Transport: I’m not sure if the person who designed the Buenos Aires bus system is the same person organising Google’s search algorithms, but it would make sense. With the subway limited mostly to the city centre, the buses are a necessary evil in a city with nearly 20 million people in the wider metropolis. With over 200 lines, it’s a confusing mess where second-guessing where the bus will end up is required. The buses truly do work like bananas to use a Dublin phrase; they come in bunches. I waited 20 minutes for a number 140 yesterday. In that time five number 132s went by. The underground, meanwhile, smells mostly of urine, which I guess you could say adds to its character. The windows look like they are about to shatter to pieces, if they haven’t already, while no clocks display when the next train arrives. It comes when it comes. Transportation is also a risky business. Pickpockets target the crowded undergrounds – we are talking packt like sardines in a crushed tin box crowded – while the creaking transport system has had three major accidents in recent years. The most fatal resulted in 51 deaths at Once train station in February 2012. It may not be efficient, but it certainly is cheap. Up to 3.50 pesos for a journey is about 50 cent each trip. With a transport card, a bus ride costs 20 cent. At 3.50 pesos, a journey is a third of the price of a bottle of coke. Taking a journey on a subway on a Sunday also probably means you don’t have the pay. No one mans the gates, so people just go through. Some train journeys are free too. You could sit on a train for an hour and not have to pay a penny (or centavo as it is here) for the privilege.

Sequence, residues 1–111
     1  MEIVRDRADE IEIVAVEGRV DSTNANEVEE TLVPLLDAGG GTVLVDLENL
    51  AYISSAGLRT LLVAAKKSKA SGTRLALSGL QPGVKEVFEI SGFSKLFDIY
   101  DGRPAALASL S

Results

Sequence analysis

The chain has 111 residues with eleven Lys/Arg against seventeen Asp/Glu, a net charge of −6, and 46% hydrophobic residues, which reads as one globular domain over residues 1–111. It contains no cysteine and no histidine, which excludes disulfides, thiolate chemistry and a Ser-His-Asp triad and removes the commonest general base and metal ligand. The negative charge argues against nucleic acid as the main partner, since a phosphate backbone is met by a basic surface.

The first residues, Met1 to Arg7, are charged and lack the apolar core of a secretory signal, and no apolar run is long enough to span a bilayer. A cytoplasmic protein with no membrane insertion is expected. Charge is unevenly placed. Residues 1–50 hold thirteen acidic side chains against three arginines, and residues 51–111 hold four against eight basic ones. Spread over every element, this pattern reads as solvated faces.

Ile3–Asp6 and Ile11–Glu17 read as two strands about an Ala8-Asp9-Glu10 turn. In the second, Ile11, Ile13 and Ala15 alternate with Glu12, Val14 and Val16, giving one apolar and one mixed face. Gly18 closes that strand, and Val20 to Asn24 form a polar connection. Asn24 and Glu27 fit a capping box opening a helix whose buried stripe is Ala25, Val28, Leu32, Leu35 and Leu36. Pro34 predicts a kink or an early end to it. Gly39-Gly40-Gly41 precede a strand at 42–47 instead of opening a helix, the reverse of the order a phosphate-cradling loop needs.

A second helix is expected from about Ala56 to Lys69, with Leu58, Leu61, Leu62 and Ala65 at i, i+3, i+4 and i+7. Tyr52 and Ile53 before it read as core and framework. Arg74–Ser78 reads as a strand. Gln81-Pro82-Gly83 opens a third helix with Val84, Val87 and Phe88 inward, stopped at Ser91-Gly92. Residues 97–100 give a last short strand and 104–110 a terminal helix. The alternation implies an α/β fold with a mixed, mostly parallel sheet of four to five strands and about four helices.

Currency: You’ll truly appreciate the value of a stable currency like the dollar, the British pound or the euro (we hope) when you live in Argentina. It borders on comical. You cannot exceed a limit on taking out money per day, which is set at 1,000 pesos (about 160 euro), while the official currency exchange is different from the black market currency exchange. Pop your ATM card into a machine and you get 6.40 pesos for every euro, pop down calle Florida – a shopping street littered with people (illegally) asking for exchange of dollars or euros – and they’ll give you an exchange of around 8.50 pesos for your euro. Cash in hand is worth more than the (same) money in your bank account. Incidentally, both the “official” and black market are responsible. The black market sellers want stable currency, so offer more, but the state manipulates the currency rates in order to keep it lower. This leads to a situation where official businesses, like language schools or hostels, prefer payment in US dollars than pesos. And if you pay in pesos, you won’t pay the “official” rate, you’ll pay somewhere in between the “official” and black market rate. Confused? Thought so. Here in Argentina, they console themselves it could be worse. In Venezuela, the black market exchange to US dollars is around 20:1, the official about 5:1.